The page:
The U.S. House and Senate have both passed tax reform proposals, which are currently being reconciled. These proposals will have significant impact on compensation and benefit programs. The table below outlines the proposed changes and potential impact on employers and employees:

Current Law

House Version

Senate Version

Comment

Changes to Code §162(m)

Code Section 162(m) generally limits the deduction recognized by companies with publicly traded stock for compensation in excess of $1M:

  • Allows deduction of “performance based compensation” and commissions, even if in excess of the $1M cap
  • Currently only applies to the CEO and the three next highest paid officers (excluding the CFO)
  • Limitation ends when the officer ceases to be the CEO or one of the three highest paid officers

Expands to all SEC issuers (not just companies with publicly traded stock) (§3801)

Substantially similar to House (§13601)

Employers should model the impact of the loss of this deduction and consider:

  • Accelerating payment of a portion of performance based compensation for which performance could be certified in 2017 to preserve the deduction
  • The mix of performance based (variable) and other (fixed) compensation

When modeling the impact of accelerating payment, the employer should consider the potential tax, employee relations and shareholder relations impacts of any changes to the compensation program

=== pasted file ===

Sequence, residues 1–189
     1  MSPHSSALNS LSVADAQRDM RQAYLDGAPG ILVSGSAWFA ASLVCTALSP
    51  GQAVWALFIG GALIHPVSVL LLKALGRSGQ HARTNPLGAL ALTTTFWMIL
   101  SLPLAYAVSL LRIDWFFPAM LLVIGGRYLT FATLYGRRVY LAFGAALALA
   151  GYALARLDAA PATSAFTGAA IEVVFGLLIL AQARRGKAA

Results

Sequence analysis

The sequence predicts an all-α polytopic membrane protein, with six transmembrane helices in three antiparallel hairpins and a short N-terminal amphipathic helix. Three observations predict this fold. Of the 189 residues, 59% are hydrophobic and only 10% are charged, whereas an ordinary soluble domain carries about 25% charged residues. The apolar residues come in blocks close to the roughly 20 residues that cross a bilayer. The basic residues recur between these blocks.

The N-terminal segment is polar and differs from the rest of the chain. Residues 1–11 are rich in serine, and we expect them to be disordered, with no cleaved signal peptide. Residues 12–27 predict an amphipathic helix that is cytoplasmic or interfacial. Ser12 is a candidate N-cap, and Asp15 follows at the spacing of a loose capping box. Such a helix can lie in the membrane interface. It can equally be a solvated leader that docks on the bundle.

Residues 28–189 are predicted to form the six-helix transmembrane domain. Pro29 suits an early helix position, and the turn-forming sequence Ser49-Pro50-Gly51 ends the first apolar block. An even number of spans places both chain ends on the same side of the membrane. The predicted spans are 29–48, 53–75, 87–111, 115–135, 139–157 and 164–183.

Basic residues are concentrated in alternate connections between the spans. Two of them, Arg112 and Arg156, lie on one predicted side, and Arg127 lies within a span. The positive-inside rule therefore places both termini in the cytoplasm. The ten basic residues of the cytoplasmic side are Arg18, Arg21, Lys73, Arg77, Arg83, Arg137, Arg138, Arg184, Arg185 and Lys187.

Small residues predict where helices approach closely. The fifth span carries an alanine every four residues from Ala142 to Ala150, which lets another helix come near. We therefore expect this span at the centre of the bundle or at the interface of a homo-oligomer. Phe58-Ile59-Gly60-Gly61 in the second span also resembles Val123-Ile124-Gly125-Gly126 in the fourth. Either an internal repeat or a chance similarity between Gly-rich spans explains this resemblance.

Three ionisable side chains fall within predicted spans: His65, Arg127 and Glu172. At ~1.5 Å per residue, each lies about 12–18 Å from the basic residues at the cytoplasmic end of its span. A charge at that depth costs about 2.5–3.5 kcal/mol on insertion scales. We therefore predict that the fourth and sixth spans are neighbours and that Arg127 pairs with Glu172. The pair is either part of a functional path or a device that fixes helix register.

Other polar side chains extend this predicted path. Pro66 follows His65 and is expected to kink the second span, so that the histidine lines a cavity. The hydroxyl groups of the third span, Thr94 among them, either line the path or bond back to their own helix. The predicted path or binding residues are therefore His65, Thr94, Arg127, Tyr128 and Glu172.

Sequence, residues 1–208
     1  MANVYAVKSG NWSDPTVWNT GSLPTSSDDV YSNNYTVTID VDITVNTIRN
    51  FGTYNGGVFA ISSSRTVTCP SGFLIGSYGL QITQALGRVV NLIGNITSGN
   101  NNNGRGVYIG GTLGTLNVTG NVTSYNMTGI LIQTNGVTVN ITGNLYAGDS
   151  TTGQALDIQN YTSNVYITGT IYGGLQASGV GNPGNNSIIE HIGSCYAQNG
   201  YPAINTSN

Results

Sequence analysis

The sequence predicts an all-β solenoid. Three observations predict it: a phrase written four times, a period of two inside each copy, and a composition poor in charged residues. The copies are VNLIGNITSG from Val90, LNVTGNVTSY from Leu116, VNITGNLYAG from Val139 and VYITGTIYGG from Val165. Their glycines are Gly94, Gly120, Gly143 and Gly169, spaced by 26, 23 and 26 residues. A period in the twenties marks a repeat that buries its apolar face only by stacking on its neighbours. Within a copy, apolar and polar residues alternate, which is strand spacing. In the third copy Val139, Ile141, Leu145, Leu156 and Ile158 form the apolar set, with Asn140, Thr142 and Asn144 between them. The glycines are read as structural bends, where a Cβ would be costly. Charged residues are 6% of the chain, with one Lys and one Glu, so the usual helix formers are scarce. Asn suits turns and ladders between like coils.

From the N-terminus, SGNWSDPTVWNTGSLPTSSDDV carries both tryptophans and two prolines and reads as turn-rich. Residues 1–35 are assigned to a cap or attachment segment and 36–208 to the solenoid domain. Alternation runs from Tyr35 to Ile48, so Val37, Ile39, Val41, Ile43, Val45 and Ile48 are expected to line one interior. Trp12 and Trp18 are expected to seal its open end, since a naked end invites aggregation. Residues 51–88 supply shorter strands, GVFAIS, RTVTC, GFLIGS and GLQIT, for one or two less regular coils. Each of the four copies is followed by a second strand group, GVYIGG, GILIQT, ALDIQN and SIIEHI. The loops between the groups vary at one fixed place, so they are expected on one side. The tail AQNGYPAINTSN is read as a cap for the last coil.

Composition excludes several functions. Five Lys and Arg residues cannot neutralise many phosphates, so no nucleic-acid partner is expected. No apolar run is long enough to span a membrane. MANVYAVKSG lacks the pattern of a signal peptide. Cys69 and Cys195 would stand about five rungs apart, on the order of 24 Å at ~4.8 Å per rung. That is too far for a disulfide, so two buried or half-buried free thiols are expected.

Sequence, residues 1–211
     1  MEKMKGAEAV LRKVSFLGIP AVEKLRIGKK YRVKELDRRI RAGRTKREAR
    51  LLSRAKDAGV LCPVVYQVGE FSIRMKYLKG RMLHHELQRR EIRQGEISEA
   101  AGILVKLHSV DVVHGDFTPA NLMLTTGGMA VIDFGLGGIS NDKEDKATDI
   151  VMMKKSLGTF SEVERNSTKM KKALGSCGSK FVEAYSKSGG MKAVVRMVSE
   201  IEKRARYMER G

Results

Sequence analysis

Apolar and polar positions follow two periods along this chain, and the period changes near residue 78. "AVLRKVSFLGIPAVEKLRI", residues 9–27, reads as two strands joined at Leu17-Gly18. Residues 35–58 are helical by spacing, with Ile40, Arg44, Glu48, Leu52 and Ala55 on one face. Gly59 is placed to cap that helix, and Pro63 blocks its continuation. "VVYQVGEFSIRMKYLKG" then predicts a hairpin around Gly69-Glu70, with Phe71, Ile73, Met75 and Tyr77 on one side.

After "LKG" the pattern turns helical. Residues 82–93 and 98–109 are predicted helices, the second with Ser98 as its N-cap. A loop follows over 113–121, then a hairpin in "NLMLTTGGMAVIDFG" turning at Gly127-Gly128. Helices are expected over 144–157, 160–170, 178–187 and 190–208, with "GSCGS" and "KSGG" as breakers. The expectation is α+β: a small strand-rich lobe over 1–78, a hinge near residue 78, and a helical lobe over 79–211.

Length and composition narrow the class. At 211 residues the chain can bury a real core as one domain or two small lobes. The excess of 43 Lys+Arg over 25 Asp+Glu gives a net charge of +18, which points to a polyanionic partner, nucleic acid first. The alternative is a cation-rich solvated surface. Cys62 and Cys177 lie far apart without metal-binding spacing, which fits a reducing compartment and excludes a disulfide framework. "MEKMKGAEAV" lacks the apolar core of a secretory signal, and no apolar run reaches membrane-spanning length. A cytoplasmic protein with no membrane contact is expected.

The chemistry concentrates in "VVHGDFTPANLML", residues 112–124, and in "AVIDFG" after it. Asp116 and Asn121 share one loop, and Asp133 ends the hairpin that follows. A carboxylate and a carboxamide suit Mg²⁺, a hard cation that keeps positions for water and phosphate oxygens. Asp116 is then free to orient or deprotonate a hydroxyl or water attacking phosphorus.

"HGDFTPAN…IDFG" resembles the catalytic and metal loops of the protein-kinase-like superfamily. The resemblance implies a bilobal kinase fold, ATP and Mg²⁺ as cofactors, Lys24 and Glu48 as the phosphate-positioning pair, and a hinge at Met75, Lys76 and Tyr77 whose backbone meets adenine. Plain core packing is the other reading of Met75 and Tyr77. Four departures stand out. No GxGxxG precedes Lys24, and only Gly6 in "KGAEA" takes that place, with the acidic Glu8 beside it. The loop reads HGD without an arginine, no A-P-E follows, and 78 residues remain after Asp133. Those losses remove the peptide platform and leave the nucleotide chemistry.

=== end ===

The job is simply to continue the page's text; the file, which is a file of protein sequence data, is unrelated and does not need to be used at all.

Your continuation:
Eliminates exception of performance based compensation and commissions from $1M deduction cap (§3801)

Substantially similar to House (§13601)

Subjects CFOs to the $1M deduction cap (§3801)

Substantially similar to House (§13601)

Provides that covered officer status is permanent. In other words, once an individual is a covered officer for any year after 2016, the individual remains subject to the $1M deduction cap forever. This eliminates one of the most popular compensation strategies (deferring pay in excess of deductible limit until after termination) (§3801)

Substantially similar to House (§13601)

Applies to all compensation paid after 12/31/2017

Generally applies to all compensation paid after 12/31/2016 but excludes amounts paid “pursuant to a written binding contract which was in effect on November 2, 2017 (§13601)

New excise tax on excessive compensation for non-profit executives (New Code §4960)

No current provision